18 Q. Sir, most of the documents you showed us yesterday, the Defence
19 exhibits -- or excuse me, on Tuesday - were from 1992, in terms of
20 assistance being provided to the Muslims, and that was when the Croats and
21 Muslims, during that time, were more or less fighting against the Serbs;
23 A. Well, not really. You can find them in 1993. The last one is of
24 the 30th of March, 1993. And I believe that by mid-April the assistance
25 from the Republic of Croatia stopped when the BH army started cleansing
1 Croats from its territories in Konjic, in Jablanica, where they were
2 symbolic as compared with them.
3 Q. And in connection with your -- the exhibit D2/78, that had to do
4 specifically with the Tuzla area in eastern Bosnia-Herzegovina, and that
5 was an area -- that was a particular situation where the Muslims and
6 Croats fought together against the Serbs throughout the war; correct?
7 A. My documents are not marked. Do you mean the document of the 2nd
8 Corps of the 10th of July?
9 Q. That's right, sir.
10 A. Yes. In that area there was no fighting between Croats and
11 Muslims, never during the war, except that Muslims accounted for some 25
12 per cent of the HVO units there for the duration of the war.
13 Q. Sir, if we need to, we can look at the map, but Tuzla is on the
14 complete opposite side of the country as Mostar and Herzegovina; correct?
15 A. Yes. Tuzla is approximately below Bosnia and Posavina, in the
16 northern part of Bosnia.
17 Q. And as you said just a moment ago, and as you say in your report,
18 whatever your contention is about the Croatian support to the Muslims, it
19 ended by March, or at most early -- April, excuse me, April 1993; correct?
20 A. I think that after the middle of April, until about the middle of
21 another April, or perhaps May 1994, that is, for a whole year, I did not
22 see a single document of that nature. Only then the assistance was
23 resumed, which covers the whole period of the Muslim/Croat war.
24 Q. All right. Now, can you tell the Judges, please, in the
25 terminology that was used by the Croatian army, perhaps also by the HVO,
1 what was the southern front?
2 A. That is the southern front expression, and that is a part of the
3 Split operative zone, which became independent sometime in April 1992, and
4 existed as such until the end of the war against the Serbs. So that is
5 until the end of 1995. In that area, we can say, from Ploce, that is,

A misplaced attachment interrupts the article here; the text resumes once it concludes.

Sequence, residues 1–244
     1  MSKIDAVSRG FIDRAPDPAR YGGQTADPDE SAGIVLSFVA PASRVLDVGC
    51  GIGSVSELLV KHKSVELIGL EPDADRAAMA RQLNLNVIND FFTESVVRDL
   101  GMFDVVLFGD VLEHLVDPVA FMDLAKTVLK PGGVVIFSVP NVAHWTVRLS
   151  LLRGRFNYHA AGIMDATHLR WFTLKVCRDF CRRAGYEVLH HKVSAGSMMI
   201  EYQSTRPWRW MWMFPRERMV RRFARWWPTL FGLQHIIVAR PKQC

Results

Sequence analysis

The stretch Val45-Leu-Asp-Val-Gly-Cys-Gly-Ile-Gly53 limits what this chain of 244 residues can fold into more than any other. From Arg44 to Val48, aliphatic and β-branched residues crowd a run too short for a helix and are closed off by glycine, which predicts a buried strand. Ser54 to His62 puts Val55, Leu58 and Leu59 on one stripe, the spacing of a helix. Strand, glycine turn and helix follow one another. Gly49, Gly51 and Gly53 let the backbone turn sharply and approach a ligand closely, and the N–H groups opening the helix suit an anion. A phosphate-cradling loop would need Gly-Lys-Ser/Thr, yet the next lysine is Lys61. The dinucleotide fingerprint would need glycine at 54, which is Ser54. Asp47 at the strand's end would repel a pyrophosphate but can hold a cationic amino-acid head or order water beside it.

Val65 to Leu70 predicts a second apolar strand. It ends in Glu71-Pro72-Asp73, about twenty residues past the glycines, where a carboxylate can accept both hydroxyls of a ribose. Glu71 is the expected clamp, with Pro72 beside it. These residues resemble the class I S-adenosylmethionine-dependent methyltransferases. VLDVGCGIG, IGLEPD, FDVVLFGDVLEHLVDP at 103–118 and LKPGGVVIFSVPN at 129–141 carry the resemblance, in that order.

6 the Neretva mouth, in the Adriatic Sea, to Prevlaka, the border with
7 Montenegro. That is the southern front.
8 Q. And is it correct, sir, perhaps we can save a little bit of time
9 if there's no dispute about it, as reflected in Exhibit P123.2, Croatian
10 army General Janko Bobetko was appointed by President Tudjman as commander
11 of the southern front on the 10th of April, 1992; is that correct?
12 A. That is correct. It is correct. I believe he published his
13 document in his book.
14 Q. And did General Bobetko continue to be the commander of the
15 southern front throughout all of 1992 and 1993, or were there other
16 persons in that position?
17 A. Well, late, sometime around November 1992, that was when General
18 Bobetko became the chief of the Main Staff of the Croatian army. I
19 believe he was first replaced by Nojko Marinovic, and then Zivko Budimir,
20 I think.
21 Q. Was Mr. Marinovic was he the commander of the southern front
22 through, then, the balance of 1992 and all of 1993?
23 A. I said already that Bobetko was until the end of 1992, almost, and
24 Marinovic was then the commander of the 163rd Brigade of the Croatian army
25 from Dubrovnik. And when Bobetko left that position, he took over the
12 Blank page inserted to ensure pagination corresponds between the French and
13 English transcripts.
1 southern front.
2 Q. When you say "he," Mr. Marinovic?
3 A. Yes. Yes. This is who I mean, Mr. Marinovic.
4 Q. My question to you, sir, just so that we're clear for the record
5 purposes: He continued to be the commander of the southern front, then,
6 through all of 1993?
7 A. I don't know that for a fact. I don't know until when. He was
8 wounded, but I believe that he was the commander throughout 1993.
9 Q. And moving forward, sir, there's no dispute, is there, that the HV
10 was engaged in Bosnia-Herzegovina, in southern Herzegovina and in the area
11 described yesterday as the Bosnian Posavina, during the spring and fall of
12 1992; correct?
13 A. There's no dispute about that.
14 Q. And you say that on -- as early as the 7th of April, 1992, at page
15 10, that "the HV chief inspector asked the Croatian Minister of Defence to
16 organise a group, approximately 1.200 soldiers, to go to Bosnia to fight
17 against the Serbs." Is that correct?
18 A. You're really doing something forceful to my text.
19 Q. Sir, I believe I am simply reading it back to you. If you want to
20 look at page 10 ...
21 A. Would you like me to read this part to you?